Autism spectrum disorder (ASD) is a diagnosis that affects around 2.2% of adults in America, according to CNN. The number seems small, but when put into perspective, that’s around 5.4 million people ages 18 and older who struggle with autism.
One in 45 people in America are diagnosed with autism, but how do women play into this number? John Hopkins Bloomberg School of Public Health offers another statistic: in Maryland, 2016, 1 in 33 boys had autism, while 1 in 128 girls had autism. An almost 100-child gap between the two.
Even the credible source Centers for Disease Control and Prevention (CDC) states that ASD is four times more common among boys than girls. This statistic does not take into account the vast amount of women that go undiagnosed or misdiagnosed for a majority of their lives. Many sources such as Psychology Today and the Organization for Autism Research bring into play the fact that women often go misdiagnosed, some for their whole lives.
There are many factors that play into the missing diagnoses of autism in women who struggle with it. The main cause: gender disparities in the healthcare system.
Aine Kelly-Costello at the Newshub wrote in 2018 about two women with autism; one went by the name of Joanne Dacombe who was not diagnosed until the age of 48. It wasn’t until what is known as “autism burnout” heavily impacted her that she finally received a diagnosis.
In the same article, Doctor Ava Ruth Baker advocates for the two women and notes how one was even told that “girls do not get autism” and that autism is “too complex” to assess in women.
Autistic burnout, defined by Spectrum (an online newspaper dedicated to autism awareness) is “the intense physical, mental or emotional exhaustion, often accompanied by a loss of skills, that some adults with autism experience.” Some signs of autistic burnout include chronic exhaustion, a lower tolerance for stimuli, emotional dysregulation, irritability, and overall low motivation—all according to PsychCentral.
The New York Times states how regular burnout is already a battle in itself, but topping it with autistic burnout makes adults with autism struggle to complete daily tasks and even battle short-term memory loss. One speaker compares it to a “dead battery.”
Women are more likely to be diagnosed with personality or anxiety disorders such as bipolar one or generalized anxiety disorder (GAD) than autism. Medical News Today states that oftentimes, doctors mix up bipolar and autism due to their overlapping symptoms. Some shared symptoms the two diagnoses have include distractibility, changes in mood, aggression, excessive talking, and repetitive actions; the similarities are not limited to just these.
In an interview with Women’s Health, Hannah Molesworth talks about her journey as she jumped from diagnosis to diagnosis. At one point she was diagnosed with anxiety, depression and anorexia all at the same time. It wasn’t until age 17 when her driving instructor recommended she get tested for autism that she began to study the diagnosis, and eventually her theories were confirmed at age 23 when she was diagnosed with autism.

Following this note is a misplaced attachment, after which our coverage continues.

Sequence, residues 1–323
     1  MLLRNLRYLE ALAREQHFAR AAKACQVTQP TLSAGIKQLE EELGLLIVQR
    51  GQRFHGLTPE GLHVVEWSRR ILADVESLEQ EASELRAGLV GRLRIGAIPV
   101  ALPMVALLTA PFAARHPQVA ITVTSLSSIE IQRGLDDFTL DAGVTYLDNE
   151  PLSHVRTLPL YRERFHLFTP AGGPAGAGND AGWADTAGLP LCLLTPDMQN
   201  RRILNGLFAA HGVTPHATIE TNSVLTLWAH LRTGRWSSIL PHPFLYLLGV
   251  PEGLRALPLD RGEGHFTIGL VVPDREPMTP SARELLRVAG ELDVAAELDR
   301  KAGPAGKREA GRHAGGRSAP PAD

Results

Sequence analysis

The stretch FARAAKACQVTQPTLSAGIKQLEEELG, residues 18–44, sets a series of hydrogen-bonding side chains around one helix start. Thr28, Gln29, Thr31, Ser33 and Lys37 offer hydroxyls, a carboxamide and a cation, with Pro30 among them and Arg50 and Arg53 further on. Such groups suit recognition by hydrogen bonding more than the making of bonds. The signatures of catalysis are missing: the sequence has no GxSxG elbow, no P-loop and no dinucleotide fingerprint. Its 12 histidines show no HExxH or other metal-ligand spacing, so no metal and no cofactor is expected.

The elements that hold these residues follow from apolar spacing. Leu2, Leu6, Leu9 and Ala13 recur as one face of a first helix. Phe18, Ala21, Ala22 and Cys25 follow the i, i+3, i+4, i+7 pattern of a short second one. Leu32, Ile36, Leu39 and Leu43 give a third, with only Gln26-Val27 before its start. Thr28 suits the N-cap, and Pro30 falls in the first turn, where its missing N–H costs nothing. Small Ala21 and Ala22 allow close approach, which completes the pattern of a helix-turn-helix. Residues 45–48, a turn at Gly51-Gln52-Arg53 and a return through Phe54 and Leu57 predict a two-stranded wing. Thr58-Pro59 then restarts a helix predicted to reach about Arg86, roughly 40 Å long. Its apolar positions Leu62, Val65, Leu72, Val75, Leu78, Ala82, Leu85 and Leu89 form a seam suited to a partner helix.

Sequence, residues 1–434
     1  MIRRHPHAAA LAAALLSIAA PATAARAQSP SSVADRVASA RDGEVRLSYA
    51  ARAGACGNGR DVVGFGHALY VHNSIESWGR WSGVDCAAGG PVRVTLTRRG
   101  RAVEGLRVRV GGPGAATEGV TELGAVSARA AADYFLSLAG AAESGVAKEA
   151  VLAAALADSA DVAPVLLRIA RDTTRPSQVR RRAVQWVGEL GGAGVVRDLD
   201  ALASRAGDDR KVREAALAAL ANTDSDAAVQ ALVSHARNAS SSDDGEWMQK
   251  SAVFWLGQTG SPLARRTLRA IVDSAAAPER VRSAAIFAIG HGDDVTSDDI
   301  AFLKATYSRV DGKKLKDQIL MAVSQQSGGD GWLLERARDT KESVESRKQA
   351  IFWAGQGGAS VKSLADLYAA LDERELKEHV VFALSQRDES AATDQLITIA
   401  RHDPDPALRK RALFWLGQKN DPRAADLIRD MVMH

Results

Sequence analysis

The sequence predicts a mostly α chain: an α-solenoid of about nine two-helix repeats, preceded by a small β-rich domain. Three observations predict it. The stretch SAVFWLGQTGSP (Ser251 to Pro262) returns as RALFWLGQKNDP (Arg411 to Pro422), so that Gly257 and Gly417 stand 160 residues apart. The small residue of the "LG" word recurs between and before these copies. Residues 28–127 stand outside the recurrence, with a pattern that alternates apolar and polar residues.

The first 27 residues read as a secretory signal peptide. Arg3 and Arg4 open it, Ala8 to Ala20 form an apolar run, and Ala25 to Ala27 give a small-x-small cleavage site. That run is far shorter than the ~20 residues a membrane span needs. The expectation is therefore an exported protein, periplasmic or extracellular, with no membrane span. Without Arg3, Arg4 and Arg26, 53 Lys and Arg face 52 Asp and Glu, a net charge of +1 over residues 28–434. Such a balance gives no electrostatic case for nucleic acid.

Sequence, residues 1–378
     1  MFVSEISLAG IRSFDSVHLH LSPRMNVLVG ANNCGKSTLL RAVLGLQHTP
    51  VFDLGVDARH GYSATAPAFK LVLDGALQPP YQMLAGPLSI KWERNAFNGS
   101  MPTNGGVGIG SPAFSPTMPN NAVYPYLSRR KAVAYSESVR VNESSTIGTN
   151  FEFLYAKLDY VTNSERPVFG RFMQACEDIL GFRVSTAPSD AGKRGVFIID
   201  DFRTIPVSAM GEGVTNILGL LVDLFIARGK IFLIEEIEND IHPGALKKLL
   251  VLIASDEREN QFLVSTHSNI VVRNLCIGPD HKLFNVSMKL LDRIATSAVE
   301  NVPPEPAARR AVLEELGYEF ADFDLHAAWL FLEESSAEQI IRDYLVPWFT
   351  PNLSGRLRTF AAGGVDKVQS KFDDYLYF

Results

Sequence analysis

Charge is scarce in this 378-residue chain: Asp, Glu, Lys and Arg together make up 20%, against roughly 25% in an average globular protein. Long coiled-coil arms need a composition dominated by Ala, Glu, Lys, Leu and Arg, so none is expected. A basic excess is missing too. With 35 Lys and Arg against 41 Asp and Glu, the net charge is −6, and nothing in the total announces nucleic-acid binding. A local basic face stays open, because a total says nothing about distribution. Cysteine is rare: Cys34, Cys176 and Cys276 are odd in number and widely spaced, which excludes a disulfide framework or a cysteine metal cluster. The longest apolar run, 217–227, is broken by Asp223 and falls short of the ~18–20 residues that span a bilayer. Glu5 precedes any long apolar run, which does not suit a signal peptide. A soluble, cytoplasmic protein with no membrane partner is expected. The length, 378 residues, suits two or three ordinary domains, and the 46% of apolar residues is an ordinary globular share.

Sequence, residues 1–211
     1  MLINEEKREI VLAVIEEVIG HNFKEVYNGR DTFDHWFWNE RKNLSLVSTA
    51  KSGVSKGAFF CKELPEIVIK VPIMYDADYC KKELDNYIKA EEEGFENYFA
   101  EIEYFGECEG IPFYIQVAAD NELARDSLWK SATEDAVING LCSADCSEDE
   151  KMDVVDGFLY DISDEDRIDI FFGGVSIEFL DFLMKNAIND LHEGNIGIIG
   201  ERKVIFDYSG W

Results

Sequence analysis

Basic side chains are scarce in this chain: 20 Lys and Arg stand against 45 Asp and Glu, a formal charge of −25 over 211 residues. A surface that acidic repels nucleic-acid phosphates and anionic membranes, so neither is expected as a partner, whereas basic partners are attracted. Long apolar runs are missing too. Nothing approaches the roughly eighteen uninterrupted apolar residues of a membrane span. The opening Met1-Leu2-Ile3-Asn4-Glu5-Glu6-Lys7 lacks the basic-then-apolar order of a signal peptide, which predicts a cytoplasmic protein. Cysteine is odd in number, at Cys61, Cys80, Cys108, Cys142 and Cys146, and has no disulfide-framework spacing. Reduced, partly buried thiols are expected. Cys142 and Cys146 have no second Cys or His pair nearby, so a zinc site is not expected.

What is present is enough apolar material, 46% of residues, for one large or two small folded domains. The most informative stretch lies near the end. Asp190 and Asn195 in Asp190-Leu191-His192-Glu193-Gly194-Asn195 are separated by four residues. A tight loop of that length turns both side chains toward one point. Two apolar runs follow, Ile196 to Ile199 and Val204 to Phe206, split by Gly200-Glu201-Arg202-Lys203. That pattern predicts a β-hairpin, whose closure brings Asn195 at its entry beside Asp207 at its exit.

The number one factor that experts say is the “make-it or break-it” for an autism diagnosis in women is the concept of “masking.” Both Molesworth and previously mentioned Kelly-Costello had picked up this habit, which they feel led to the delay in receiving attention from physicians. “Masking” is also known as camouflage strategies, where people with autism mimic or act like their peers to fit in, according to Open Doors Therapy—an organization dedicated to empowering neurodivergent people through group therapy.
Many people with autism imitate how their peers act in order to shield themselves from bullying. Some behaviors associated with autism are often seen as “disruptive” or just plain odd, so to not be seen in a negative light, people with autism often swallow down feelings of discomfort. This, in the end, leads to extreme autistic burnout; pretending to be someone they aren’t is tiring for people with autism and leads to identity problems and self-esteem issues.
In the same article by Open Doors Therapy, Doctor Tasha Oswald mentions how symptoms of autism are different in men and women. Girls with autism are quieter and are often perceived as shy—this behavior carries on into adulthood. Doctor Oswald also brings into mind the gender roles ever-present in our society: how women are expected to be quiet, polite and have good manners.
Women with autism are often taught at a very young age to hide their “disruptive” behavior and trained to be obedient and introverted. Learned behavior is difficult to shake. When women carry this behavior into adulthood, it leads to a late diagnosis and negative impacts on their life that eventually pile up.
The disparities in the health system continue to impact women, delaying diagnoses and allowing doctors to dismiss the concerns of women who seek help. Many women often go their entire lives fighting against symptoms of autism and never receive the help they need. There is no need to learn to live with autism alone, yet most women are left to do so.
Creating organizations that are dedicated to autism awareness is the first step to changing doctor’s offices and diagnostic clinics, and still some organizations are not trustworthy or reliable. This leaves many to wonder what truly is the first step towards change.